A ginger cake is not something that would be at the top of any summer baking recipe list, but last Saturday morning, with the sun already warming the day, I was in need of a cake that would do for a pudding, rather than a snack, and could be easily transported down the M5. I have David Lebowitz’s ‘Ready for Desert‘ on my shelf and have baked from it, but had spotted this recipe blogged recently which served as a reminder (I had also bookmarked it a few months ago on The Food Librarian but just hadn’t got round to it yet). I had fresh ginger in the fridge, from my recent rhubarb compote fetish and the quick prep and baking time (not to mention the ‘leave to cool in tin’ instruction) made for a potentially perfect recipe.
To be honest I had no idea when I chose this recipe that this moist ginger creation wold be quite the light thing of delight it turned out to be. Married, by accident, with fresh strawberries and creme fraiche it made for the perfect end to the evening (and was damn fine for elevenses the next day too – apparently). I can imagine the original suggested accompaniment of whipped cream with lemon curd would also lift the cake wonderfully.
Fresh Ginger Cake
115g fesh ginger, peeled and thinly sliced
250 mild flavoured molasses (treacle)
250ml vegetable oil
250g plain flour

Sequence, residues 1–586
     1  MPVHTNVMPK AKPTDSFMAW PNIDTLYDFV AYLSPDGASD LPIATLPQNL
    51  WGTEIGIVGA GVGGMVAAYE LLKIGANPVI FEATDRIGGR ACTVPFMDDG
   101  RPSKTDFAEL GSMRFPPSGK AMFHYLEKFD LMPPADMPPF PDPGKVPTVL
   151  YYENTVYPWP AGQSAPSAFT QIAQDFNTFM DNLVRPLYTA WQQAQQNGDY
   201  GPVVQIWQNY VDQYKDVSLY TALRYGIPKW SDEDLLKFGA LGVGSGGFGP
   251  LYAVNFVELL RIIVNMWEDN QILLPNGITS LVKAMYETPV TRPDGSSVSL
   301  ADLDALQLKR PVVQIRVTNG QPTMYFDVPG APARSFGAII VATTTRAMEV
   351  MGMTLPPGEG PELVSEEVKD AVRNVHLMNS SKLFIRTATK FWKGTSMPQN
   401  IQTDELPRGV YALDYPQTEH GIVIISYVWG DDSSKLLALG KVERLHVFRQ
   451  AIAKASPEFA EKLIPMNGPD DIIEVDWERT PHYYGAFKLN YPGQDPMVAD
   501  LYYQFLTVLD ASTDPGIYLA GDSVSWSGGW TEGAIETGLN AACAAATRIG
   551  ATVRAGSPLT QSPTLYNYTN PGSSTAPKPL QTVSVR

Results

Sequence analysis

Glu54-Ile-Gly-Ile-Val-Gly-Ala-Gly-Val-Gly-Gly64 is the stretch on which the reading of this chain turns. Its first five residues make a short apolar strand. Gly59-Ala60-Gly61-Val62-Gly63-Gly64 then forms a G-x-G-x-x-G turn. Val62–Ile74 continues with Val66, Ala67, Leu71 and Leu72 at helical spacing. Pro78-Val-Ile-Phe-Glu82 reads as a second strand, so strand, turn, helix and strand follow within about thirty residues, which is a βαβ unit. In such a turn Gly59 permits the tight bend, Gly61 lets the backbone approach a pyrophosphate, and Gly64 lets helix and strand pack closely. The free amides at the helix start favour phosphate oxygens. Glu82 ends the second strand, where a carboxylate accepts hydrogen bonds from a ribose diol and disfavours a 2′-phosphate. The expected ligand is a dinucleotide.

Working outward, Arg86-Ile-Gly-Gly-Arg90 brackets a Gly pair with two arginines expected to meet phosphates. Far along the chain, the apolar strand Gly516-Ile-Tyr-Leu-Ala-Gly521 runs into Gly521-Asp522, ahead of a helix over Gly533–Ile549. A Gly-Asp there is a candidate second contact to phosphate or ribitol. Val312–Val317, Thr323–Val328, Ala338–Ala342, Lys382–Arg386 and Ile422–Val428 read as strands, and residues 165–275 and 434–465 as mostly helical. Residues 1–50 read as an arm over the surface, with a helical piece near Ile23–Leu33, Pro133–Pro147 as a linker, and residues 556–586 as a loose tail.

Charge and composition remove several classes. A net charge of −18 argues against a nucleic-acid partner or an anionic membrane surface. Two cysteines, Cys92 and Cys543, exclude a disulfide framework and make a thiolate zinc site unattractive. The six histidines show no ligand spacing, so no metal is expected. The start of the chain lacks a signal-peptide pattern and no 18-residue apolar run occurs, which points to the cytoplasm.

1 tsp ground cinamon
1/2 tsp ground cloves
1/2 tsp ground black pepper
2 tsp bicarbinate of soda
2 large eggs, at room temperature
Preheat oven to 175C
Butter bottom and sides of of a 9″ 23cm tin and line the bottom with parchment
Chop the ginger very finely in a food processor or with a chefs knife (I went for the safer processor option)
Mix the treacle, sugar and oil in a large bowl
Whisk the flour and spices together in a medium sized bowl
In a small saucepan bring the water to the boil, then stir in the bicarb
Whisk the hot water into the treacle mixture, then add the ginger
Gradually sift the flour mixture over the treacle mixture, whisking all the time
Add the eggs and whisk until thoroughly combined
Scrape into the prepared pan and bake until top of cake springs back or a toothpick inserted into the centre of the cake comes out clean – approxamately 1 hour
Leave to cool completely in the tin before running a knife around the sides to loosed.
This will apparently keep for up to 5 days at room temperature, but I doubt you’ll have the chance to test this theory.